Sorry to revive an old thread but I just wanted to find out if this is true Ive been searching for info on upgrading the front brakes on my HDJ81 1992 model to the larger brakes on the newer 80 series. to the best of my knowledge all i can see that is needed for the job is callipers, disks and backing plates,
however i've been told all sorts of stories that I need to replace the swivel housing also to fit the new callipers can someone confirm if i need to change the swivel housing or not ? that makes the job a whole lot less desirable

another post on the subject: https://forum.ih8mud.com/threads/hdj81-brake-upgrade-with-part-s-and-pics.379674/
 

Billy Williams

Active Member
Dec 2, 2016
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you will need the bigger calipers, hub carrier and backing plates on the front, on the rear bigger backing plates and discs calipers are the same.
 

Billy Williams

Active Member
Dec 2, 2016
85
22
8
The calipers are the same for old and new trucks. The newer ones just got bigger discs and the mounting points for the caliper moved further out giving the pads more leverage. On the front you would need swivel housings from the newer truck to bolt your calipers onto and for the rear you would need the backing plates. The rear backing plates may be the expensive part as a seller might only be willing to sell the whole casing.

If you haven't rebuilt the calipers I would do that first as you might be losing out from the pistons not moving freely. Even with the bigger discs and calipers further out the brakes are not great with big heavy wheels (tyre size makes a big difference) so before you go to a lot of trouble it might be worth getting a drive in a newer truck with the same size tyres as yours. My old 80 hated stopping :D
WRONG.. calipers are different, wider on the later trucks.
 

stumog

Well-Known Member
I am in england
Oct 3, 2012
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I have don't the front of mine.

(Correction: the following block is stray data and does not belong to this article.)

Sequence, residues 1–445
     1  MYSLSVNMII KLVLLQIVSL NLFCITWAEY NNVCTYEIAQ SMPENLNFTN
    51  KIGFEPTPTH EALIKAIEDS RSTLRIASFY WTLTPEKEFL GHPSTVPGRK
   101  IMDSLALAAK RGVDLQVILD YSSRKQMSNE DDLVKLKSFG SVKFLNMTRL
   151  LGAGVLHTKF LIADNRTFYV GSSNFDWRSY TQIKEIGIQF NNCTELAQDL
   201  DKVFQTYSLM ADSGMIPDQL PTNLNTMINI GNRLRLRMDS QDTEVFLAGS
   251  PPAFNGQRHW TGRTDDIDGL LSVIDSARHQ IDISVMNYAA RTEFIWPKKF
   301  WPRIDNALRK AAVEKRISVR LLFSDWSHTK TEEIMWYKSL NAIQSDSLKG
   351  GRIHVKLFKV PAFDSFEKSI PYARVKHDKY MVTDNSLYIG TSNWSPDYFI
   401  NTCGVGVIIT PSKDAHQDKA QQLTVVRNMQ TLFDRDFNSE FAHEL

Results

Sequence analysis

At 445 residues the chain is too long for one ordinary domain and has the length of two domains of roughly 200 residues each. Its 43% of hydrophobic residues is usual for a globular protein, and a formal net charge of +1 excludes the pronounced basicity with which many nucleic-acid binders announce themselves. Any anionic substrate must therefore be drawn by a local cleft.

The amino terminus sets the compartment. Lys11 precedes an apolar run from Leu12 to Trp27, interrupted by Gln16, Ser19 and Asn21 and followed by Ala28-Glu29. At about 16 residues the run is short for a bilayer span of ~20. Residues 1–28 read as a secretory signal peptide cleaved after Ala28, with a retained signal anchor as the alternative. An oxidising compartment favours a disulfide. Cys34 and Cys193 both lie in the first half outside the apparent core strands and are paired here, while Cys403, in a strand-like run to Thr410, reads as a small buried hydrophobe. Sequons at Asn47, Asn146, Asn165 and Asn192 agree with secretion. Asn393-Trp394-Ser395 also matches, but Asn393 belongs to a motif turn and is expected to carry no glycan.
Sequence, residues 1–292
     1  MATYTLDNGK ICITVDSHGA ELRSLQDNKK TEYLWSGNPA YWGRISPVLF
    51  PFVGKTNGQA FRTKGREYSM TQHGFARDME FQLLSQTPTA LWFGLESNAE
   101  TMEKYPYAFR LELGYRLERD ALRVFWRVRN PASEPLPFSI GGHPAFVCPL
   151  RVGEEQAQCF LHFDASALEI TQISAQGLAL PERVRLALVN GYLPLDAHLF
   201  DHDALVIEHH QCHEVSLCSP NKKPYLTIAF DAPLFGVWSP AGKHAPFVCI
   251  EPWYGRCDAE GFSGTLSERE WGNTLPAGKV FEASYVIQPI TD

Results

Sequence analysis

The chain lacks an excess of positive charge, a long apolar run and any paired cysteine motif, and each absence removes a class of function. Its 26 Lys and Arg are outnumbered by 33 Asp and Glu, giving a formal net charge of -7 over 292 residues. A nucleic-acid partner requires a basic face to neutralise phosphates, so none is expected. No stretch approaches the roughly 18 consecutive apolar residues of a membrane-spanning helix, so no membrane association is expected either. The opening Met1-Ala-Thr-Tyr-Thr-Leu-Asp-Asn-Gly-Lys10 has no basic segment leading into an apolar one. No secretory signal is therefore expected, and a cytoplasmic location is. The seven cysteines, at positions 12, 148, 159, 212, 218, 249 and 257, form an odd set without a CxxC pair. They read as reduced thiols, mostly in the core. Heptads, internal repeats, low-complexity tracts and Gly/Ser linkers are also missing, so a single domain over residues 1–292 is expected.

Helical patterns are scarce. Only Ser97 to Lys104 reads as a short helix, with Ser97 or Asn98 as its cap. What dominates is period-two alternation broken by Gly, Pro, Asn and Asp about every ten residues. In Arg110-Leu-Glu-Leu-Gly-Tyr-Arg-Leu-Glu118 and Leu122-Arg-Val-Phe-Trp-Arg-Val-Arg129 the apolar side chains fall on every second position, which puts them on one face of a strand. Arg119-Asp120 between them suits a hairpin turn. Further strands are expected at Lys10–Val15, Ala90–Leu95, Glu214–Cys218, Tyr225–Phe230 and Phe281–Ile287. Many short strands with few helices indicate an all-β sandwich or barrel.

All you need is discs calipers from a later one and backing plates if you want to keep them.

No hubs or anything else.
 

alankehoe

New Member
I am in ireland
Jul 24, 2013
8
0
1
Avoca, Ireland
It works I did it 3years ago....

No issues what so ever
Thanks @Billy Williams and @stumog. This is exactly the kind of conflict I have found in other sources I mean it either works or it doesnt. Might be worth noting I've no abs on my cruiser although I don't think that makes any difference here.

@stumog did you have to modify anything to make the larger callipers work with the existing housing ? And did the bigger brakes make a big difference ?
 

alankehoe

New Member
I am in ireland
Jul 24, 2013
8
0
1
Avoca, Ireland
Overhaul your calipers , buy new disks and change the fluid .

25 years ain't bad like
My brakes are down 25% since the last test (2016) I put this down to the new tyres 285/75 as aposed to standard at the last test. This is why I was thinking upgrading to larger disks / calipers might be my only option.

You think fluid and calipers rebuild will make such a difference I'm currently at 49% brake performance and need 55% for a pass
 

alankehoe

New Member
I am in ireland
Jul 24, 2013
8
0
1
Avoca, Ireland
most likely.. so your saying that a calliper rebuild and new fluid will make a substantial difference.. i've already new ish disks on the front so should be able to hold on to them
 

Shayne

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Feb 2, 2013
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All i'm saying is the brakes you have would pass the test if they were new .

60 front and 40 rear was how i learned to stay alive while riding a motorbike , the rear brakes are more important than anyone gives them credit for .
 

stumog

Well-Known Member
I am in england
Oct 3, 2012
3,502
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I changed mine as I had a sticky caliper.
The difference was amazing took some time to get used to the difference.

No extra work carried out this is just a bolt on mod.